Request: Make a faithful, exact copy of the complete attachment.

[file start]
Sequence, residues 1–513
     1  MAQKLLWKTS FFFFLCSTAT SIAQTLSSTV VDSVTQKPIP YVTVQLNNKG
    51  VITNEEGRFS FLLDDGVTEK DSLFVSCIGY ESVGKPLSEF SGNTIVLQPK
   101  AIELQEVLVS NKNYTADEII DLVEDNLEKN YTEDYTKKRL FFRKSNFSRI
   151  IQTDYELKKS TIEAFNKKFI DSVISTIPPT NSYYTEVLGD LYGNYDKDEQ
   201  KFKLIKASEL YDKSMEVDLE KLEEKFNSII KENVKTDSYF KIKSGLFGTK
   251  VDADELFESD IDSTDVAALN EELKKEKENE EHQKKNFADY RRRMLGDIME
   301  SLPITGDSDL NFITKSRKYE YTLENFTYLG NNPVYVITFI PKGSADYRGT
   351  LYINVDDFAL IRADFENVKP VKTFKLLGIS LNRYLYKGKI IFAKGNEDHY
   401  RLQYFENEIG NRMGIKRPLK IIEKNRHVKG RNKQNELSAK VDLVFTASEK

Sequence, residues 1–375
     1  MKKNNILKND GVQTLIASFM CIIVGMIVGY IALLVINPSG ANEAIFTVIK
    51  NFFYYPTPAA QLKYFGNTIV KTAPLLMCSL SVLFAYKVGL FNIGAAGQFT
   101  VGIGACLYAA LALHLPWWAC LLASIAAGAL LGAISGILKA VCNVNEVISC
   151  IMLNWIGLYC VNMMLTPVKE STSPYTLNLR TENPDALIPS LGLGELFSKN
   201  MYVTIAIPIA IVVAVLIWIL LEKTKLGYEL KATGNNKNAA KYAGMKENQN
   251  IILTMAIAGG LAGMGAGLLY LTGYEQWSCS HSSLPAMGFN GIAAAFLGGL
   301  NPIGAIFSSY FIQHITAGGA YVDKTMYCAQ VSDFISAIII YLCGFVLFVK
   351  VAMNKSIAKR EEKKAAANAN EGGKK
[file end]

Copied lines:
Sequence, residues 1–513
     1  MAQKLLWKTS FFFFLCSTAT SIAQTLSSTV VDSVTQKPIP YVTVQLNNKG
    51  VITNEEGRFS FLLDDGVTEK DSLFVSCIGY ESVGKPLSEF SGNTIVLQPK
   101  AIELQEVLVS NKNYTADEII DLVEDNLEKN YTEDYTKKRL FFRKSNFSRI
   151  IQTDYELKKS TIEAFNKKFI DSVISTIPPT NSYYTEVLGD LYGNYDKDEQ
   201  KFKLIKASEL YDKSMEVDLE KLEEKFNSII KENVKTDSYF KIKSGLFGTK
   251  VDADELFESD IDSTDVAALN EELKKEKENE EHQKKNFADY RRRMLGDIME
   301  SLPITGDSDL NFITKSRKYE YTLENFTYLG NNPVYVITFI PKGSADYRGT
   351  LYINVDDFAL IRADFENVKP VKTFKLLGIS LNRYLYKGKI IFAKGNEDHY
   401  RLQYFENEIG NRMGIKRPLK IIEKNRHVKG RNKQNELSAK VDLVFTASEK

Sequence, residues 1–375
     1  MKKNNILKND GVQTLIASFM CIIVGMIVGY IALLVINPSG ANEAIFTVIK
    51  NFFYYPTPAA QLKYFGNTIV KTAPLLMCSL SVLFAYKVGL FNIGAAGQFT
   101  VGIGACLYAA LALHLPWWAC LLASIAAGAL LGAISGILKA VCNVNEVISC
   151  IMLNWIGLYC VNMMLTPVKE STSPYTLNLR TENPDALIPS LGLGELFSKN
   201  MYVTIAIPIA IVVAVLIWIL LEKTKLGYEL KATGNNKNAA KYAGMKENQN
   251  IILTMAIAGG LAGMGAGLLY LTGYEQWSCS HSSLPAMGFN GIAAAFLGGL
   301  NPIGAIFSSY FIQHITAGGA YVDKTMYCAQ VSDFISAIII YLCGFVLFVK
   351  VAMNKSIAKR EEKKAAANAN EGGKK